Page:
Scalable Machine Learning Solutions Take Center Stage for NXP at Arm TechCon

Scalable Machine Learning Solutions Take Center Stage for NXP at Arm TechCon

We all like to talk about the super high-end of machine learning with computer vision algorithms running on a turbo-charged, 10 tera-operations-per-second accelerator, but the reality, especially for our embedded industry, is that the majority of applications need a processing engine suitable enough to get the job done and no more. This is our motivation for offering scalable machine learning devices from MCUs (such as the Arm® Cortex®-M7-based i.MX RT1050) to application processors (such as the i.MX 8QuadMax and Layerscape® LS1046) – and finally you’re able to see this range of performance in action with no less than 12 machine learning demos at the Arm TechCon in the NXP booth (details below).

For example, stop by the booth and see a wide range of solutions representing low cost, low power, secure, and high performance face recognition. How about face recognition solutions starting at $2 USD? Our design starts with an NXP i.MX RT1020, a low-cost device sporting an Arm® Cortex®-M7 core. NXP developed its own face recognition algorithms, and the ability to train for new faces directly on the RT1020 platform. The outcome is face detection and recognition in slightly more than 200msec with accuracy up to 95% – starting at $2 USD. Higher performance face recognition examples will also be on display using devices such as i.MX 7ULP (high-performance and ultra-low-power), i.MX 8M Nano (real-time face detection using Haar Cascades to give an efficient result of classifiers), and i.MX 8M Mini (doing secure identification with anti-spoofing), and the i.MX 8M Quad-based Google® Coral Board with the Google TPU (for super-fast facial recognition in a sea of people).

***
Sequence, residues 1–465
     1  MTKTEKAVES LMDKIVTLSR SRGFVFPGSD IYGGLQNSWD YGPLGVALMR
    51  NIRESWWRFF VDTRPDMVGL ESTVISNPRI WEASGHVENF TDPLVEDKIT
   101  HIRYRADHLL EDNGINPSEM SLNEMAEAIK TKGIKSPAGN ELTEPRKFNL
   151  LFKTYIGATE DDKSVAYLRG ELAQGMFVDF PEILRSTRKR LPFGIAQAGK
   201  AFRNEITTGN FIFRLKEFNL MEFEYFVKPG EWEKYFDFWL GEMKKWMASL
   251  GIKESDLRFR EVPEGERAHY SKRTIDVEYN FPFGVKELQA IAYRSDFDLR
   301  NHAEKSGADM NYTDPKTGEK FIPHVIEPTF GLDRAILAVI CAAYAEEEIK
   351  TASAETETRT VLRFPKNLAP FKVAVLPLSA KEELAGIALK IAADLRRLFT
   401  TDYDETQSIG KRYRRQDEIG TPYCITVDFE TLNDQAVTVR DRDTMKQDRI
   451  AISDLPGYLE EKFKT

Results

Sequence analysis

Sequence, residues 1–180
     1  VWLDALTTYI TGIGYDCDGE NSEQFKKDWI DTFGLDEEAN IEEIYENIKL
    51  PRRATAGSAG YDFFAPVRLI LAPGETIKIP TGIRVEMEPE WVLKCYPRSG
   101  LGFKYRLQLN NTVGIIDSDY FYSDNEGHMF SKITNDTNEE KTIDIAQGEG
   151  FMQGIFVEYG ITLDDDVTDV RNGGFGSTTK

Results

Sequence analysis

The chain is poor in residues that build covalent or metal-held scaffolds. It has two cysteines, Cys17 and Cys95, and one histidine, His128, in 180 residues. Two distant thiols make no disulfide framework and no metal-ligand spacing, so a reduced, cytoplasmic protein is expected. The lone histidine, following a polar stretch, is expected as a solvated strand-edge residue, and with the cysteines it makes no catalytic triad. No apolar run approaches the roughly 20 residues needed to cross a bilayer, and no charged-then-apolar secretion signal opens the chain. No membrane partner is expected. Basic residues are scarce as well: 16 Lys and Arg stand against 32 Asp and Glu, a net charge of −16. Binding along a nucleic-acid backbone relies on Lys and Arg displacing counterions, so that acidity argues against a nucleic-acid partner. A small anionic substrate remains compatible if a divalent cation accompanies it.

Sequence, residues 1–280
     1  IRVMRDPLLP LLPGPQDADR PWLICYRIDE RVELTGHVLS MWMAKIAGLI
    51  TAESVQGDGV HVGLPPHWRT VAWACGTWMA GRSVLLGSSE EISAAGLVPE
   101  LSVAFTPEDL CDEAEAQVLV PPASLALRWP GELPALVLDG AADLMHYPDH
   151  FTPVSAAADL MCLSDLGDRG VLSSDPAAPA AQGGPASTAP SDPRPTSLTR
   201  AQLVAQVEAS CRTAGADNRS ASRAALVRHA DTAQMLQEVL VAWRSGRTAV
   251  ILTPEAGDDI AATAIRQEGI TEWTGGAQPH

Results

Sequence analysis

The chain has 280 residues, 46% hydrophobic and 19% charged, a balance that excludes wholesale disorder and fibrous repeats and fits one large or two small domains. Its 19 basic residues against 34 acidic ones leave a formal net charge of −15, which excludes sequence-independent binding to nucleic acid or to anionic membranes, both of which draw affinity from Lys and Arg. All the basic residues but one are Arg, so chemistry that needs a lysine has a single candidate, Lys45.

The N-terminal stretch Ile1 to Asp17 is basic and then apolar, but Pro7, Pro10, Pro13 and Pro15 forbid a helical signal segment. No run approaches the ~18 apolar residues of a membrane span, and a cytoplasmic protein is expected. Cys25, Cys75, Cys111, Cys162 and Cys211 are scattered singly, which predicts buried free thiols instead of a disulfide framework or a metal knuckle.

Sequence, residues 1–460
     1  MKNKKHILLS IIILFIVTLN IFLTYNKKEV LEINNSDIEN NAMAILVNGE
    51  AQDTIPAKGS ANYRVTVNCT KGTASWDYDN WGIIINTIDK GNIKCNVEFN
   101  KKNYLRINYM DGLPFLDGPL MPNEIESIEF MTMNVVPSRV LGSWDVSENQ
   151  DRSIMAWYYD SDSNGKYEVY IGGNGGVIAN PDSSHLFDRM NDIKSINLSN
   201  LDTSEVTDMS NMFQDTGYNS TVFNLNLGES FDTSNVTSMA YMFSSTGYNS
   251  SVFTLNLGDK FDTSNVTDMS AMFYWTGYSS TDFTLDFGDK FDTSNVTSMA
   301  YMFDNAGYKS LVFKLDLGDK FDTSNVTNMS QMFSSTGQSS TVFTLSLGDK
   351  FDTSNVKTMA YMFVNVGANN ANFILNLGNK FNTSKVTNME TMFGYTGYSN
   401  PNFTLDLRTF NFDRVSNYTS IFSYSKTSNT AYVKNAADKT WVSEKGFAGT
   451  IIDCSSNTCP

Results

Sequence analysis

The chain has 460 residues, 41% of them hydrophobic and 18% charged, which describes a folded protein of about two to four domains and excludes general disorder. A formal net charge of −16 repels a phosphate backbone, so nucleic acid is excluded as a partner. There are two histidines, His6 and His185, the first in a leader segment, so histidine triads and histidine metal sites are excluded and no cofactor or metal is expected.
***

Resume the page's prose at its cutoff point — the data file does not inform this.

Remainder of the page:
Moving on to image classification, the NXP booth will host an application using the i.MX RT1060 and the eIQ machine learning software development environment. This example performs classification with a TensorFlow Lite model trained to recognize different types of flowers (sunflower, tulip, rose, dandelion, and daisy). Specifically, we’re running a MobileNet model and doing inferencing at the rate of 3 frames per second – on an MCU! This demonstration also shows the flexibility of eIQ, providing support for a variety of inference mechanisms (e.g. TensorFlow Lite, CMSIS-NN, Glow) and other types of machine learning models besides image classification (e.g. audio or anomaly detection).

Other Cool NXP Things at Arm TechCon

  1. I’ll be giving a talk “Open Source ML is Rapidly Advancing”, Tuesday October 8th @9am.
  2. Donnie Garcia will talk about “Rightsizing Security for an MCU-based Voiced Assistant” Tuesday, Oct 8th 1:30pm
  3. NXP will host a kegerator in the exhibit hall at 5pm on October 9th and 10th.
Markus Levy
Markus Levy
Markus Levy joined NXP in 2017 as the Director of AI and Machine Learning Technologies. In this position, he is focused primarily on the technical strategy, roadmap, and marketing of AI and machine learning capabilities for NXP's microcontroller and i.MX applications processor product lines. Previously, Markus was chairman of the board of EEMBC, which he founded and ran as the President since April 1997. Mr. Levy was also president of the Multicore Association, which he co-founded in 2005. Previously, he was Senior Analyst at Microprocessor Report and an editor at EDN magazine. Markus began his career at Intel Corporation, as both a Senior Applications Engineer and customer training specialist for Intel's microprocessor and flash memory products. Markus volunteered for thirteen years as a first responder - fighting fires and saving lives.

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